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In the early 18th century, Hoi An was the largest trading port in all of Southeast Asia. But in a twist of fate, the Emperor Gia Long took over at the end of the 18th century and gave foreign trade rights to nearby Da Nang. Plus, the river mouth silted, and left Hoi An unable to continue its reign as the monolithic harbor it once was.

The result is a well-preserved UNESCO World Heritage Site, a frozen-in-time 18th century medley of cultural influences, from Portuguese to Dutch, Cham to Chinese. Japanese, French, Buddhist, Indian … you can see them all in one stroll through this town of 120,000 inhabitants. I had no chance – Hoi An swiftly captivated me with its charm, its sweet, sweet people, its quaint shuttered windows, and calm river.

I had arrived in the afternoon. My $30-a-night hotel had a gorgeous balcony overlooking the eastern outskirts of town, from which I spent some time sipping my welcome tea and watching a collection of young kids playing pickup soccer.


I got my bearings and headed for town. No better time than twilight to see it for the first time – the warm, yellow glow of the lanterns washing over the ancient architecture of storefronts and temples. The aroma of dinner in full swing at restaurants with cuisine from across the world. The calm river, and the soft reflections of hope-filled lanterns released upon its delicate, rippled surface.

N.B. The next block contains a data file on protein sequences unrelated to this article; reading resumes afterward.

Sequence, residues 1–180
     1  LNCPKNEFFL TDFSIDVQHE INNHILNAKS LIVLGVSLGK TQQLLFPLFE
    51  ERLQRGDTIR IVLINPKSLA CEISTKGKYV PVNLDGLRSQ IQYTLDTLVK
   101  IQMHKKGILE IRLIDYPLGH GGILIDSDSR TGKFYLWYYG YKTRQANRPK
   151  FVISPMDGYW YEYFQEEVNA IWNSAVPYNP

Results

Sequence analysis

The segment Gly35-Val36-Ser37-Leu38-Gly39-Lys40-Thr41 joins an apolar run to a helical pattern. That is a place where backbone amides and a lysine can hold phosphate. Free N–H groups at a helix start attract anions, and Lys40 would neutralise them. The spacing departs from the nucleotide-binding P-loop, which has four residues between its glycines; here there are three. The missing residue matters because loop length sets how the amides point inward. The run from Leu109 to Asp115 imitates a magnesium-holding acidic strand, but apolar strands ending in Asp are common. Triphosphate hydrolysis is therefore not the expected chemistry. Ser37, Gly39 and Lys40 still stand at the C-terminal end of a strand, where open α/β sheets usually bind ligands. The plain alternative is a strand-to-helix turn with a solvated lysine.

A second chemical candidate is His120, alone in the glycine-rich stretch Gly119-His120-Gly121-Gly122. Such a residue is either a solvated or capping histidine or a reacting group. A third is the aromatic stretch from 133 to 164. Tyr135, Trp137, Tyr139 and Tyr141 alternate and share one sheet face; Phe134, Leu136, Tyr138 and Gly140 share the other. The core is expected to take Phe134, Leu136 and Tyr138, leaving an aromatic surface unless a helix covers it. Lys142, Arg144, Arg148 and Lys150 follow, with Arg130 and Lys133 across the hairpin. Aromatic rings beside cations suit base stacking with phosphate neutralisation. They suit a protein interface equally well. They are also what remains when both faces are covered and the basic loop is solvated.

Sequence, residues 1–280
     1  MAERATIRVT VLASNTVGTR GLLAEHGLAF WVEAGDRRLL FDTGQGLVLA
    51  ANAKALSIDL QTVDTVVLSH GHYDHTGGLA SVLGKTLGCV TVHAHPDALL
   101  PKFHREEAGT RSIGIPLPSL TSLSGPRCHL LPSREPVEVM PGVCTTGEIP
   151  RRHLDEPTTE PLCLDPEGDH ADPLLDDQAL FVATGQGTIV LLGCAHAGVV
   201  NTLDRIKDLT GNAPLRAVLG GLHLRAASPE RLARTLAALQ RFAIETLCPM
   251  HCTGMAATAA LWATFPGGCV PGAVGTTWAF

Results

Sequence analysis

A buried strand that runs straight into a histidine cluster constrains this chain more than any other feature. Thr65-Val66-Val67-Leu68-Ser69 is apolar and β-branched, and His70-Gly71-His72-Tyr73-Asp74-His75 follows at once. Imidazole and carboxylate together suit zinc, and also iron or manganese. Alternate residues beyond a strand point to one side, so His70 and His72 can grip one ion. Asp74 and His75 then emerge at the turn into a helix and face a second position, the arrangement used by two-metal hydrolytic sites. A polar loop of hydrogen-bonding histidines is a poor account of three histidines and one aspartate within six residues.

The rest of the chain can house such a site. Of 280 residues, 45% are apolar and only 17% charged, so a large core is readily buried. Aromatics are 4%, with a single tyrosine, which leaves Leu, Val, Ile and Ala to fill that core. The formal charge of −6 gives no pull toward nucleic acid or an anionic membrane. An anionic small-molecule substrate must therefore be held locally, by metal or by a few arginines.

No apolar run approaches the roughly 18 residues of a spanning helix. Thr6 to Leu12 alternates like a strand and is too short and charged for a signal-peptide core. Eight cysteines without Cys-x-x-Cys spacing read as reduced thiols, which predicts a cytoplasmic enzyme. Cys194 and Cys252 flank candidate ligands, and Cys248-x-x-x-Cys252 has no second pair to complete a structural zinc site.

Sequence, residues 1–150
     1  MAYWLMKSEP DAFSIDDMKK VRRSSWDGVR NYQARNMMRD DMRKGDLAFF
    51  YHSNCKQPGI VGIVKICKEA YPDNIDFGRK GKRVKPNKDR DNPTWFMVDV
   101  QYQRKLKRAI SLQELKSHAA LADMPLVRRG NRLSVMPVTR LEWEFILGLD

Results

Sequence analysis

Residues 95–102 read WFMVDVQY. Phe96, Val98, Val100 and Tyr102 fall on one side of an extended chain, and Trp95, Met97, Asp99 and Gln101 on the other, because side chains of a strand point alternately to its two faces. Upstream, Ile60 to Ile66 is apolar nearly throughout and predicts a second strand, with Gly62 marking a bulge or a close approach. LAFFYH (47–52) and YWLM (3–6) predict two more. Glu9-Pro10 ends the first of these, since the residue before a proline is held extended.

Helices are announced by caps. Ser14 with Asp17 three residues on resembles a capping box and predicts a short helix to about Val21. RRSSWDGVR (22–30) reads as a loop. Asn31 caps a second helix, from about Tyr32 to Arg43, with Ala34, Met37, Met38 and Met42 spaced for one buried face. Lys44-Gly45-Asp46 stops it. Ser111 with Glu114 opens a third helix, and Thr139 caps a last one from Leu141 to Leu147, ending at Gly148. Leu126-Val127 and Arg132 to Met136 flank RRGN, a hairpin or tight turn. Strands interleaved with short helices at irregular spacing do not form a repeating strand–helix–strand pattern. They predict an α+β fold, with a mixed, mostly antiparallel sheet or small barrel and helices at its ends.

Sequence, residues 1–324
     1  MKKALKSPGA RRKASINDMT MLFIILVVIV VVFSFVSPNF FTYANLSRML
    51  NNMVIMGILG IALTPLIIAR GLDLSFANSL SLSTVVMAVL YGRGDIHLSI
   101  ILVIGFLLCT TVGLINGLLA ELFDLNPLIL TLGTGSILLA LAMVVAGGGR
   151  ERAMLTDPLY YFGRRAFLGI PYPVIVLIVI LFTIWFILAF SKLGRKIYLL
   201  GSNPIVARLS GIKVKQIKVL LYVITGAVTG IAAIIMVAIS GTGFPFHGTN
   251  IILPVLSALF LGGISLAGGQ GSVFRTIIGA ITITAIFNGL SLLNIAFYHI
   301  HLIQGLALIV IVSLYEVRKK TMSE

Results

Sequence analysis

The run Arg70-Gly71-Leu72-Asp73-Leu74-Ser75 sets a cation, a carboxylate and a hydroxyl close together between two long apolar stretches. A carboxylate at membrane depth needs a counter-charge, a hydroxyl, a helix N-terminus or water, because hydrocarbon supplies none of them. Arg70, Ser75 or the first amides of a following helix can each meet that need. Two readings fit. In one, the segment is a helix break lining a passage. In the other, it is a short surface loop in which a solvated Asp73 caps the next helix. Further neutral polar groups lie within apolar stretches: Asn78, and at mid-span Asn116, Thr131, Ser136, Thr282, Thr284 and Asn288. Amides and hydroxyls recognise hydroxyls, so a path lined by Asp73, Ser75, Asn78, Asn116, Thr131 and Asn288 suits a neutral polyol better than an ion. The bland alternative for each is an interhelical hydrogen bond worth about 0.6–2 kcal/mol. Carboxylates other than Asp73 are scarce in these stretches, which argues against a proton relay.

The light sound of music from food and drinking establishments on both sides of the river. The balmy feel of a peaceful night with moisture in the air.



Hoi An is famous for its craftsmanship – everything from ceramics to textiles.

And, they have the best tailors in the country. I popped into Yaly – one of the bigger tailor shops in Hoi An. After some scrutinizing over pictures of the shirt and shorts set I wanted made and my measurements were taken, I meandered back to the hotel.


It’s a whole other treat to see a town awaken in the morning. The jetlag has made it easy to rise at 6 or 7AM, so I got out and out early. I strolled around to the early morning smell of streetcar donuts called Banh Duong. Simple, light-as-a-feather puff dough, smothered in sugar. I walked down to the river.


As I walk, the sleepy streets become more and more peppered with morning routines. Local women buying their daily produce at the town market. Men on the river, cleaning their boats and carefully preparing their fishing nets. Canoe guides in conical straw hats, already protecting their weather-worn faces from the oppression of the impending midday sun. I caught a group of men – some middle aged, some older – playing a hearty game of dominoes. They were chain-smoking, and gambling, and placing and collecting pieces and money more quickly than I knew what was happening. As I pulled up a chair, a few quizzical looks were followed by a brief smile – silent permission for me to observe and document their daily ritual.



A continued walk along the river revealed daytime treasures: colorfully painted wooden boats along the river, delicately patterned lanterns strung every which way, tourists taking frenzied amounts of photos of a place so pretty you can’t take a bad picture, the stunning Japanese footbridge in the middle of town, the two-story restaurants with river-facing tables on both levels, the green and yellow of the palm trees dotting the riverbank.